“Cognitive strategies instruction is an approach to teaching and learning that can be implemented anywhere. This grant allows us to scale up and work with the National Writing Project, which has great reach and infrastructure across the country,” says principal investigator Carol Booth Olson, UCI professor of education and creator of the Pathway to Academic Success Project. “We’ll be able to take what we’ve done successfully here in California and achieve similar results in other states and beyond.” Steve Zylius / UCI

Irvine, Calif., Oct. 23, 2018 — The University of California, Irvine has received a five-year, $14.7 million Education Innovation & Research expansion grant from the U.S. Department of Education to expand its Pathway to Academic Success Project, which helps close reading and writing achievement gaps among high-needs students in grades seven to 11.

Successfully implemented in 10 Southern California school districts over the past 20 years, the project will be extended into Arizona, Illinois, Minnesota, Nevada, Texas and Wisconsin.

The multiyear professional development program for teachers promotes an instructional approach to enhance the thinking tools that research indicates students use to understand, interpret and write analytical essays about nonfiction texts.

Principal investigator Carol Booth Olson, professor of education and director of the UCI Writing Project, is the creator of the Pathway to Academic Success Project. First launched in the Santa Ana Unified School District in 1996, the effort has consistently generated statistical evidence of improved student outcomes among those who are English learners, at risk of failure or performing far below grade level.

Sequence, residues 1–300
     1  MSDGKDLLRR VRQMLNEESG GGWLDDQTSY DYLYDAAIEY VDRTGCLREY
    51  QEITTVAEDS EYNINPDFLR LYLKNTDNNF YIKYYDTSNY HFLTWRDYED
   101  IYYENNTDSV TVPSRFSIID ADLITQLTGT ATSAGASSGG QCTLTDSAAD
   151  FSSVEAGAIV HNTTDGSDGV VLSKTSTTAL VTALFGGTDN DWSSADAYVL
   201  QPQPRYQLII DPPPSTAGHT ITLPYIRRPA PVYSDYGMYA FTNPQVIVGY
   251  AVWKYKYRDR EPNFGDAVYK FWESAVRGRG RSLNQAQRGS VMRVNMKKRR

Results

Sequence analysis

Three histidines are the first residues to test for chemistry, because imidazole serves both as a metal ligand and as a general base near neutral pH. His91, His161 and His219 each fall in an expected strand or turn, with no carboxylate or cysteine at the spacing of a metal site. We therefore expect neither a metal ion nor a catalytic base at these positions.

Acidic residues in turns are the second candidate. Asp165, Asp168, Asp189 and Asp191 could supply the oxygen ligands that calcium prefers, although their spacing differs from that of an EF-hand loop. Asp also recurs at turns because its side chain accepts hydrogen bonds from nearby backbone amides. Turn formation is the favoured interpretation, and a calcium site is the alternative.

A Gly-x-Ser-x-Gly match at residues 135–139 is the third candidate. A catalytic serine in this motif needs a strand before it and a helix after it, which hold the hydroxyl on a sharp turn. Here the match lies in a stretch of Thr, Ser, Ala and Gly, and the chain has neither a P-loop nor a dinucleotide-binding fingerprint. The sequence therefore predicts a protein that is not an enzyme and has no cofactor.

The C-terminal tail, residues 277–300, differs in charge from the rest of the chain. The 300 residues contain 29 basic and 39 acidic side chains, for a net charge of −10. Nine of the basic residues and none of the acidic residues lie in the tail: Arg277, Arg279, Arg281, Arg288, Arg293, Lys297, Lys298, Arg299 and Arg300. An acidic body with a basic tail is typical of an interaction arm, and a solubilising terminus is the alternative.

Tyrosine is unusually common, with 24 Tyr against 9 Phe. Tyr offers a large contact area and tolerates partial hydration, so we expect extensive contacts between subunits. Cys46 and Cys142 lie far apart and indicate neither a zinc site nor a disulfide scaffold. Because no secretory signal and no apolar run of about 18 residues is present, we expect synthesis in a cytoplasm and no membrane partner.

“Grants are awarded on the basis of a program’s proven success in achieving results,” said Richard Arum, dean of the School of Education. “Sufficient evidence of the size and scope of the intervention’s effectiveness must be demonstrated for funding. There were only three programs in the nation funded at this level, and Pathway was the highest-scoring. It’s very exciting to see the federal government look to the UCI School of Education for scalable solutions to the nation’s problems.”

The expansion will involve 240 teachers and 109,200 students in school districts affiliated with the National Writing Project and includes a two-year field trial of professional development, summer institutes for instructors and course modules designed to help English learners grasp writing. Project outcomes will be measured by an on-demand assessment of academic writing, standardized test scores and graduation rates.

“Pathway is based on the science of education,” Olson said. “Cognitive strategies instruction reinforces the connections between reading and writing and empowers teachers with the tools they need to help kids. It’s critical to close the achievement gaps among high-needs students by developing their analytical and comprehension skills so they’re better prepared for postsecondary education.”

Robin Scarcella, UCI professor of academic English, is project co-director, and Rebecca Black, associate professor of informatics, is co-investigator. Scarcella is a linguist whose expertise is important in understanding the language form and structure of students who are English learners from diverse backgrounds, and Black specializes in creating technologies to assist in the teaching of academic writing.

About the University of California, Irvine: Founded in 1965, UCI is the youngest member of the prestigious Association of American Universities. The campus has produced three Nobel laureates and is known for its academic achievement, premier research, innovation and anteater mascot. Led by Chancellor Howard Gillman, UCI has more than 30,000 students and offers 192 degree programs. It’s located in one of the world’s safest and most economically vibrant communities and is Orange County’s second-largest employer, contributing $5 billion annually to the local economy. For more on UCI, visit www.uci.edu.

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